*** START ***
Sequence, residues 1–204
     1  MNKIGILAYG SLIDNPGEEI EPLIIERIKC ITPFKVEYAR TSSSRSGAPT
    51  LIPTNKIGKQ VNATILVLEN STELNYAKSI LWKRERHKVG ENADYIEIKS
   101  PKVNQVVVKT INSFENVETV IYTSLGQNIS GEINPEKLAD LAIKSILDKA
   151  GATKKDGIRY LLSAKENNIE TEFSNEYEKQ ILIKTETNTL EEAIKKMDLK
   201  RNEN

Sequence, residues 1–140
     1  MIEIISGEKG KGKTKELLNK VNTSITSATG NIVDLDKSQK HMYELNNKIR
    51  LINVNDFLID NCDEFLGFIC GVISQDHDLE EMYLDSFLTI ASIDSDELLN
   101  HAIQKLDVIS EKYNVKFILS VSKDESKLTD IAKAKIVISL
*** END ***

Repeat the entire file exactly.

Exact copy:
Sequence, residues 1–204
     1  MNKIGILAYG SLIDNPGEEI EPLIIERIKC ITPFKVEYAR TSSSRSGAPT
    51  LIPTNKIGKQ VNATILVLEN STELNYAKSI LWKRERHKVG ENADYIEIKS
   101  PKVNQVVVKT INSFENVETV IYTSLGQNIS GEINPEKLAD LAIKSILDKA
   151  GATKKDGIRY LLSAKENNIE TEFSNEYEKQ ILIKTETNTL EEAIKKMDLK
   201  RNEN

Sequence, residues 1–140
     1  MIEIISGEKG KGKTKELLNK VNTSITSATG NIVDLDKSQK HMYELNNKIR
    51  LINVNDFLID NCDEFLGFIC GVISQDHDLE EMYLDSFLTI ASIDSDELLN
   101  HAIQKLDVIS EKYNVKFILS VSKDESKLTD IAKAKIVISL